Save energy & money in your home
by Norman Aceron Garcia
Significant savings in gas and electricity bills can be achieved through very easy changes, most of which you can do yourselves. Making your home more energy efficient saves money, increases the comfort level indoors, reduces our impact on climate change and reduces pollution.
1. Alter the way you do laundry
Wait until you have a full load of clothes in the washer, as the medium setting only saves less than half of the water and energy used than a full load. Don’t use high-temperature settings unless the clothes are very soiled. Remove the lint in the lint trap before you use the dryer because excess lint is a fire hazard and lengthens the time required for the clothes to dry.
2. Smart cooking
Use convection ovens rather than conventional ovens because it uses fans to compel hot air to flow more consistently, thus allowing food to be cooked at a lower temperature. Microwave ovens consume 80 per cent less energy than conventional ovens. Pans must be placed over matching size heating element or flame.
3. Insulating windows and doors
Use rope caulk to seal all window edges and cracks. Windows can be weather-stripped with a special lining that is installed between the frame and the window. Repair or replace windows that have cracked glass, missing putty, inoperable locks, rotted or damaged wood, cracked glass, and inadequately fitting sashes.
4. Install daylighting
Take advantage of natural light to illuminate the home’s interior by installing daylighting systems such as skylights, light shelves, and clerestory windows. Skylights should be double-pane to be cost-effective. Light shelves are reflexive devices intended to rebound light deep into the building. Clerestory windows are short and wide windows constructed high on the wall that lets sun during winter to shine through for warmth and natural lighting.
5. Responsible use of appliances and electronics
Purchase appliances and electronics with efficient Energy Star ratings. Freezers and fridges should not be exposed to direct sunlight or situated near heat vents, dishwasher or stove. Laptop computers consume significantly less electricity than desktop computers. Cellphone and laptop chargers consume energy when they are plugged in and must be unplugged when not in use.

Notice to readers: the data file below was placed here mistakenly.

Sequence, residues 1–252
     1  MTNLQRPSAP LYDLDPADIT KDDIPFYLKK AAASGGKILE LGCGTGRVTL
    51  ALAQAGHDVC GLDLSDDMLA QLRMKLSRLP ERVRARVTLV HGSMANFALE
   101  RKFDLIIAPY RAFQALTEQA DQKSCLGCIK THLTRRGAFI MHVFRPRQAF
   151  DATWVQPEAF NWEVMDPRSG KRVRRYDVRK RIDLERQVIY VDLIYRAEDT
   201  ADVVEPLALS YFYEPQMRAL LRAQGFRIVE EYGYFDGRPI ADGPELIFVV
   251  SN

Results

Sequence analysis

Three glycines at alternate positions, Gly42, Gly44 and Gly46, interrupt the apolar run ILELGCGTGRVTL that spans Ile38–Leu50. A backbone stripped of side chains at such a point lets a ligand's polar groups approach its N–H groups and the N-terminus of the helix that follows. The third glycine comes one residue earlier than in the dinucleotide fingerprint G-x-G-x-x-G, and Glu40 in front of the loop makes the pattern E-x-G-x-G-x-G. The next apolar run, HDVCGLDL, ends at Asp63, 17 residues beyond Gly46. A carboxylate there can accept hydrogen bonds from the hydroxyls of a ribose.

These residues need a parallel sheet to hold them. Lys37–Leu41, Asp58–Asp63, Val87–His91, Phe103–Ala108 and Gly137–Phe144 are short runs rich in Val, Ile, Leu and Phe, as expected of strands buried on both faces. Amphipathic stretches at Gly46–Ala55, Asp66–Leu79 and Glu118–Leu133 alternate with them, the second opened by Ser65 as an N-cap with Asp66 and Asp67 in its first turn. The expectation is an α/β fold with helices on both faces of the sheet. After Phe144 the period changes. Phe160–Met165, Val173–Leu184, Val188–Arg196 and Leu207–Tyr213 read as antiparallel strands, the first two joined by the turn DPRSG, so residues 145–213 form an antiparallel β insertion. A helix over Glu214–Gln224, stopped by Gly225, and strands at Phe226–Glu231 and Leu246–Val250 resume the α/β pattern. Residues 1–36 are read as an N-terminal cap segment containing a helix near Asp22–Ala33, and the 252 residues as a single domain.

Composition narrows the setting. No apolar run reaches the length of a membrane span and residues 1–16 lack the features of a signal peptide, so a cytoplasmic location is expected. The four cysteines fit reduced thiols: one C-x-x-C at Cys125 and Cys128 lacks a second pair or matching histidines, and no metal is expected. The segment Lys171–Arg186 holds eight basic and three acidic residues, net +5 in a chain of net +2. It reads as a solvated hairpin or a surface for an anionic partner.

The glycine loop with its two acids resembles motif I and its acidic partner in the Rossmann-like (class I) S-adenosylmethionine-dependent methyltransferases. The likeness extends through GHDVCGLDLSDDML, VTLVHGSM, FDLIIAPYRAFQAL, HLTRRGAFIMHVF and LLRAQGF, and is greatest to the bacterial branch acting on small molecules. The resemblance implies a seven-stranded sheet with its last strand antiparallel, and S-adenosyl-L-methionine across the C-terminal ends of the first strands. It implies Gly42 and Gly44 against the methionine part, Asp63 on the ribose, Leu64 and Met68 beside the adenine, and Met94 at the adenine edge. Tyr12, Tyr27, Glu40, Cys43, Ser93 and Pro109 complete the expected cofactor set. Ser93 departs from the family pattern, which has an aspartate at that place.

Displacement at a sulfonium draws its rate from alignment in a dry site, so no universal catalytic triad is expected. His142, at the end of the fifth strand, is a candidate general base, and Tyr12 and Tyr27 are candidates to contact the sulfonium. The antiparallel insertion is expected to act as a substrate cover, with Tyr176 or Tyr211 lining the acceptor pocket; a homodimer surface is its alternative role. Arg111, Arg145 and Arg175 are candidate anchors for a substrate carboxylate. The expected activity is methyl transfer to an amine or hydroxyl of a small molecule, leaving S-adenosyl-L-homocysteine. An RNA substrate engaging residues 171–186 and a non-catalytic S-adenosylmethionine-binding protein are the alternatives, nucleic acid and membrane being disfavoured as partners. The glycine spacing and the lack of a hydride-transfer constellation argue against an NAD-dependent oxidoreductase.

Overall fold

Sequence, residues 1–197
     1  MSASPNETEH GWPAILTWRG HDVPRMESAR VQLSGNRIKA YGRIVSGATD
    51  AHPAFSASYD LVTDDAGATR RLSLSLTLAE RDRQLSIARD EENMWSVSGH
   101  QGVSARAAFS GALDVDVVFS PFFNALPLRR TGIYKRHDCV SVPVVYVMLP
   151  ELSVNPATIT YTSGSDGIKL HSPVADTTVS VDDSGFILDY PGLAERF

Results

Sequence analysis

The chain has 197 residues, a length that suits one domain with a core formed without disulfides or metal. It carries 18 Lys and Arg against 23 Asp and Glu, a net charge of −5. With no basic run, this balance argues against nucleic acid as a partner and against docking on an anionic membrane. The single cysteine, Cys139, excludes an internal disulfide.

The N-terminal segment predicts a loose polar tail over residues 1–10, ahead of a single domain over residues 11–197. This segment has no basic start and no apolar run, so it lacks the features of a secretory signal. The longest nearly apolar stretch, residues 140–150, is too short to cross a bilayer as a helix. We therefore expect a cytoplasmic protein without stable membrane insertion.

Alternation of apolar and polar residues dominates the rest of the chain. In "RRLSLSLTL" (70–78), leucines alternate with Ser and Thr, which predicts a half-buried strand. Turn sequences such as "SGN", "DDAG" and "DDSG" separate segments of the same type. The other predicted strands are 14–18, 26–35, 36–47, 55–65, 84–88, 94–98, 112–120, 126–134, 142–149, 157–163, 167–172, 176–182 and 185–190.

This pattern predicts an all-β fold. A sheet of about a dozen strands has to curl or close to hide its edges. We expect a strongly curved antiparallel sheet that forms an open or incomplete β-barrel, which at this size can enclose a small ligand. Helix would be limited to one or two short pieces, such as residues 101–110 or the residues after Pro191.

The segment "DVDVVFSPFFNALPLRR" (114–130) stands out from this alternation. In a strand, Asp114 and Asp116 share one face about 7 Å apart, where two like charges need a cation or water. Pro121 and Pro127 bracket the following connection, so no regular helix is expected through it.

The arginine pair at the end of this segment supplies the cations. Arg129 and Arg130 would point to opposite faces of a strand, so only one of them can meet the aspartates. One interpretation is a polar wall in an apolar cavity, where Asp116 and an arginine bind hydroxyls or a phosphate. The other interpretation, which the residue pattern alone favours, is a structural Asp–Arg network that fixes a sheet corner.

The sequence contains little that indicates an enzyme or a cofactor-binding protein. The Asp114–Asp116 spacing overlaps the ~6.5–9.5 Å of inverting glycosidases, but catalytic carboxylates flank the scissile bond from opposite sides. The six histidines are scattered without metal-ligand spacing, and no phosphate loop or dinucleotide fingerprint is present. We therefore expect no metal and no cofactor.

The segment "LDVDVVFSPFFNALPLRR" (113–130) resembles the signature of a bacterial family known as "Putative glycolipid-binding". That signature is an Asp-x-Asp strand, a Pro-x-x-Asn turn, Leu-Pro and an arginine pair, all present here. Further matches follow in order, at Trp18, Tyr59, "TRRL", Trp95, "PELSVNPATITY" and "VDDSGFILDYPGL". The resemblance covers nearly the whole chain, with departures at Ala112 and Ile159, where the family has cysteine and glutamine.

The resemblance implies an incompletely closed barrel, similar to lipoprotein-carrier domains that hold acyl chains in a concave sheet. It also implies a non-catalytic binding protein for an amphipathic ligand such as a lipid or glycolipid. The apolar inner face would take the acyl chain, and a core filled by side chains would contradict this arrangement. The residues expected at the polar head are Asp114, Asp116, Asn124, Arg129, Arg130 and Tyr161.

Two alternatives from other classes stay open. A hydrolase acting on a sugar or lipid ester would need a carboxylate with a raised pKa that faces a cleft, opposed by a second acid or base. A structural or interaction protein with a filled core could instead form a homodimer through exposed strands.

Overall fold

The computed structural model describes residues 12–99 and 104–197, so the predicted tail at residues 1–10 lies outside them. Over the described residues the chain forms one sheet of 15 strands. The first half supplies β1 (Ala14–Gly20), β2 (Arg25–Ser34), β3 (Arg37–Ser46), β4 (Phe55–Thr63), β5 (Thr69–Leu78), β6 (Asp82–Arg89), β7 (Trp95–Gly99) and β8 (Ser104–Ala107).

6. Installing efficient plumbing fixtures
You can save about 45,000 liters of water annually by using modern, low-flow 1.6-gallon toilet to replace an older 3.5-gallon toilet. Dual-flush toilets allow you to opt between a 1-gallon flush for liquid waste, and a 1.6-gallon flush for solid waste. Vacuum-assist toilets have a vacuum chamber that utilizes siphon action to suck air from the bowl trap, letting it to rapidly fill with water to flush waste.
7. Sealing and insulating
Seal and insulate leakages that may occur at electrical receptacles/outlets, mail slots, around pipes and wires, wall or window-mounted air conditioners, attic hatches, fireplace dampers, inadequate weather-stripping around doors, baseboards, window frames, and switch plates.
8. Use LED and CFL bulbs
Approximately 11 per cent of the home’s energy budget is allotted to lighting. Traditional incandescent lights convert only 10 per cent of the energy they consume into light, while the rest get dissipated as heat. Replacing them with new lighting technologies, such as light-emitting diodes (LEDs) and compact fluorescent lamps (CFLs), you can reduce the lighting energy requirement by about 50 to 75 per cent.
9. Install tankless water heater
Demand-type water heaters (tankless or instantaneous) provide savings in energy costs because it gives hot water only when needed. This type of water heater doesn’t generate the standby energy losses associated with traditional storage water heaters. Tankless water heaters heat water directly without the use of a storage tank.
10. Other efficient ways to heat and cool your house
Install a ceiling and/or standalone fans in place of air conditioners that require a huge amount of energy. Regularly replace air filters in furnaces and air conditioners. Install a programmable thermostat as it saves money by automatically turning off HVAC appliances down during low demands. During night, draw curtains over windows to better insulate the room.
Norman Aceron Garcia is a registered Professional Engineer and a Certified Property Inspector of Mr. Peg Property Inspections Inc. Please visit www.mrpeg.ca for more information on home inspection, building science and home maintenance tips.